want a pair of glasses...why is this so hard?"
For many of us
it’s easy to be confused and frustrated when trying to understand your
vision benefits and best options for buying glasses. Frequently asked
"Why are there so many lens options?"…"With
all the mark-ups in eye wear how much will it cost me, and am I paying too
much?"…"What does my vision plan coverage offer & am I getting the
Keeping It Simple
At Davis Vision we will clarify your unanswered questions
about eye wear and eye care. Let’s begin with understanding some of
the primary components which include, providers, frame selection, lenses,
and understanding your prescription!
Providers also known as
eye doctors, who are part of your in-network coverage, provide you with an
eye exam that includes dilation and typically does not require any
copayment or out-of-pocket cost.
Frame Selection allowances
are fairly commonplace with most vision benefits coverage. However,
consider your budget when shopping as some frames have as much as
300%+ mark up and will frequently require varying out-of-pocket cost
over and above your allowance. Simply stated you would be
responsible to pay the difference between the total cost of the
frames and your allowance. At Davis we limit the cost by fabricating
the glasses in our own labs and by offering them through our exclusive
collection at no cost or a low copayment.
Lenses come in
a variety of types, shapes, sizes and coating(s). The cost directly
depends on the type of lens and coating(s), and the brand which may
also have a higher cost. Some popular lens types include
polycarbonate, high index, and progressive. Coatings include
ultra-violet, anti-reflective and scratch resistant. Refer to "Lenses
and Coatings Lingo" to learn more.
Making Sense of Your Prescription
Click on the sample prescription pad to understand more.
See a description of each item highlighted on the sample prescription pad (below) to understand more.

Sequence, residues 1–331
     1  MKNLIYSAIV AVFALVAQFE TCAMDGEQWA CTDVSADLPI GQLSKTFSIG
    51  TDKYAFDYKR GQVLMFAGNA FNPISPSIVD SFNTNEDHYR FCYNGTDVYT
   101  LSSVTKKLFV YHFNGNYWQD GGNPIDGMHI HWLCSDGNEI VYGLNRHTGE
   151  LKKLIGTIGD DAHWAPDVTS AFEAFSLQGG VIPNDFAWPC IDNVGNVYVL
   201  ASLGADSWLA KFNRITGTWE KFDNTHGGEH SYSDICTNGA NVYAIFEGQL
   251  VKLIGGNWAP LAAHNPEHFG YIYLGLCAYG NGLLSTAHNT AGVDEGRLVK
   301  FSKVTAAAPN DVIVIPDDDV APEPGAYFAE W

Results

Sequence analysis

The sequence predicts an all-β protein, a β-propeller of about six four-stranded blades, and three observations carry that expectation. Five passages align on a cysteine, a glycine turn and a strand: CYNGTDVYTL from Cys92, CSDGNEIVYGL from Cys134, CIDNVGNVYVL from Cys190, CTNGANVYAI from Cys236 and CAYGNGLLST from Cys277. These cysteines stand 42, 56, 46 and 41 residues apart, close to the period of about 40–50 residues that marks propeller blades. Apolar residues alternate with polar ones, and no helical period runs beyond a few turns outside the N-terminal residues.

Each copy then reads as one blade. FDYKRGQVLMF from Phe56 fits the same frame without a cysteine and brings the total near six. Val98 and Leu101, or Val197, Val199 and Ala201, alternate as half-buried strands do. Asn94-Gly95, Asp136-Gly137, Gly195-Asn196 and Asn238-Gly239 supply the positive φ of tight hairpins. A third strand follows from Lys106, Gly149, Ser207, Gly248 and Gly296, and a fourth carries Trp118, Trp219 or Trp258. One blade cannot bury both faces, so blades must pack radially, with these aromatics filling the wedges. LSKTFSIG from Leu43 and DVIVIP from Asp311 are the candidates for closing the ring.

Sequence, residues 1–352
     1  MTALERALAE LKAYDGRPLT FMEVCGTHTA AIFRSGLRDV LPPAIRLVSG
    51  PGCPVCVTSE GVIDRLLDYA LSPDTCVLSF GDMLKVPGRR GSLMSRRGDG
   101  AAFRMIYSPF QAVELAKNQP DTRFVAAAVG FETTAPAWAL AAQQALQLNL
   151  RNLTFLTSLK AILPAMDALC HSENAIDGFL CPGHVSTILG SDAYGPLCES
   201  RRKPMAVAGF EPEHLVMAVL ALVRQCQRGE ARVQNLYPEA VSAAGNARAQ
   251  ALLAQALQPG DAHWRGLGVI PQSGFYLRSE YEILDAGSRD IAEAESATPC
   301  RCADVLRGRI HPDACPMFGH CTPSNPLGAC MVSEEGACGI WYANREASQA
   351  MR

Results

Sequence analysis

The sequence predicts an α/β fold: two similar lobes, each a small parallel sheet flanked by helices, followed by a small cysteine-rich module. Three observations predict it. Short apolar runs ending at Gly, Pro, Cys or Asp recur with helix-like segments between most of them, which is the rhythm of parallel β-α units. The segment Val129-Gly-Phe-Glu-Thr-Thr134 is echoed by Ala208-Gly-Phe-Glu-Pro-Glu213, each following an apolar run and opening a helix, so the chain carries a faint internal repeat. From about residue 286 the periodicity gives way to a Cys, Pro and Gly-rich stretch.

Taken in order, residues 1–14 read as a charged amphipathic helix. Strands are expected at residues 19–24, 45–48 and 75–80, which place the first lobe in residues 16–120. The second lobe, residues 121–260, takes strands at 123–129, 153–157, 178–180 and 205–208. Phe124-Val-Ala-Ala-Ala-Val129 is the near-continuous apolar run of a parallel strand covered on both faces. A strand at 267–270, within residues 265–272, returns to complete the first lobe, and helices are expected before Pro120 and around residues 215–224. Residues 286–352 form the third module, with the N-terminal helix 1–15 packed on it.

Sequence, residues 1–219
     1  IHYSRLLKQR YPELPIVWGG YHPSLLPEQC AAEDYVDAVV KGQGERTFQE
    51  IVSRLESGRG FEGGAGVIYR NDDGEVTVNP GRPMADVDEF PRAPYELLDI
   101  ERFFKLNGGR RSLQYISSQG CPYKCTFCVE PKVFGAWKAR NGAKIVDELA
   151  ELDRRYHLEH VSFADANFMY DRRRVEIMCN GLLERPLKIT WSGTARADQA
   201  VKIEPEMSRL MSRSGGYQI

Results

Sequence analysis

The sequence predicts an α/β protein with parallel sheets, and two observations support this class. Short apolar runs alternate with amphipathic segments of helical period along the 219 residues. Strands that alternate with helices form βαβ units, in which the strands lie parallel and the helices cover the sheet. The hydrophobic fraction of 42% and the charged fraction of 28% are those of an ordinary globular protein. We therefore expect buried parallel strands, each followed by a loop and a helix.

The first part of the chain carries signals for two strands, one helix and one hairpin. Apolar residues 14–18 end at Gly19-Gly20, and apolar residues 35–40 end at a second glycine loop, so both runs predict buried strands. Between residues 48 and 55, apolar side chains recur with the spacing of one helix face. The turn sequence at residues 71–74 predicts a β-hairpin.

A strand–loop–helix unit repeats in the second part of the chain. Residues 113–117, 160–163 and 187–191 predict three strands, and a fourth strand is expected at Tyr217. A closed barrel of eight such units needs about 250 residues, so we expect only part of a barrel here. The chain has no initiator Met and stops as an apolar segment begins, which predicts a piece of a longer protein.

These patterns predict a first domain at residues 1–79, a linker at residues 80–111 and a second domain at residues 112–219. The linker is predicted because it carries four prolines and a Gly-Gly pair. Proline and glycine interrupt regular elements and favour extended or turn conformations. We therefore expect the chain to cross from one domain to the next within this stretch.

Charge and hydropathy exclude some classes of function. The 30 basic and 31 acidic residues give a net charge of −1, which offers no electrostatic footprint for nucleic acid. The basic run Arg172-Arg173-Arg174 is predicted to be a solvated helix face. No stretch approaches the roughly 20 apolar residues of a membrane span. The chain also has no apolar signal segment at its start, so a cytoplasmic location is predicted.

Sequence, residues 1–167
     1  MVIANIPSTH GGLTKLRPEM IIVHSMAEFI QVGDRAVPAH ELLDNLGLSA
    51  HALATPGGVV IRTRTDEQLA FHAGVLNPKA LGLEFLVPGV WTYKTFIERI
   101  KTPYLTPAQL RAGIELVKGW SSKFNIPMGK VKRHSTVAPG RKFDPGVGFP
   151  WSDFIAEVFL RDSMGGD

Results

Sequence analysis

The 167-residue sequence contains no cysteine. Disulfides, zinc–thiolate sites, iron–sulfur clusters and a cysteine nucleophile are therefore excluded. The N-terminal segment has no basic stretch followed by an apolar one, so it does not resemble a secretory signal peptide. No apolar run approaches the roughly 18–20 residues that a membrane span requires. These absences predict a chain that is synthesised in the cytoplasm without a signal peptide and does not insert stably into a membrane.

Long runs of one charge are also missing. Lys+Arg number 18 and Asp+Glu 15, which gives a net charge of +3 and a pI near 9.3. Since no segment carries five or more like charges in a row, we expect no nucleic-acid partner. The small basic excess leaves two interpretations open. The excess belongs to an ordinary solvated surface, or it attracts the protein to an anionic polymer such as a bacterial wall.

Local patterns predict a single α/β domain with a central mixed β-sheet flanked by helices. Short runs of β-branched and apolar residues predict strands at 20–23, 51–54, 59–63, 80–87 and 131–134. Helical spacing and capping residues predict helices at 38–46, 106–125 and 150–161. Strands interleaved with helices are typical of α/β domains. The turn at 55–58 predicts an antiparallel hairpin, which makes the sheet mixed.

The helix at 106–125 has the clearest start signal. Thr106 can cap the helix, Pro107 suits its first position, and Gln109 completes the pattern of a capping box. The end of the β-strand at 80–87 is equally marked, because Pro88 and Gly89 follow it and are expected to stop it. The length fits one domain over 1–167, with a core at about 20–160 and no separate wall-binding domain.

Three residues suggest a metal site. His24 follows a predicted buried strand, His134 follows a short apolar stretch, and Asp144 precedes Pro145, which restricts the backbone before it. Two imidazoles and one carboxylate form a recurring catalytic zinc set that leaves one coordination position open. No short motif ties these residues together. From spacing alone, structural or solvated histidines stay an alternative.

Doctor of Optometry
175 East Houston Street
San Antonio, Texas 78205
Vertex lenses used in this examination; finished lenses to correspond.
OD Add reading
OD Add Intermediate
OS Add Reading
OS Add Intermediate
1 Sphere: Represents the amount of power, measured in diopters, the lens needs to provide clearer vision. Farsightedness is represented when written with a (+) symbol, whereas nearsightedness is represented when written with a (-) symbol.
2 Cylinder: Represents the amount of lens power, measured in diopters, which is needed to correct astigmatism. Farsightedness is represented when written with a (+) symbol, whereas nearsightedness is represented when written with a (-) symbol.
3 Axis: Represents the position of the amount of astigmatism and is used by labs to determine how to orientate the cylindrical lens to correct the astigmatism. Orientation measurements range from 0 - 180 degrees.
4 Prism: A measurement amount used to correct eye alignment. The prism targets eye turn, or "lazy eye", and double vision.
5 Base: Works with the Prism in correcting eye alignment. The base can be positioned up, down, in, or out.
6 Distance: Signifies the prescription lens power needed to clearly see objects far away.
7 Add: This is the near prescription needed for presbyopes. Additional positive power is necessary to magnify the distance prescription and restore the near vision.
8 OD: Right eye.
9 OS: Left eye.
Click Here for Lenses and Coatings "Lingo"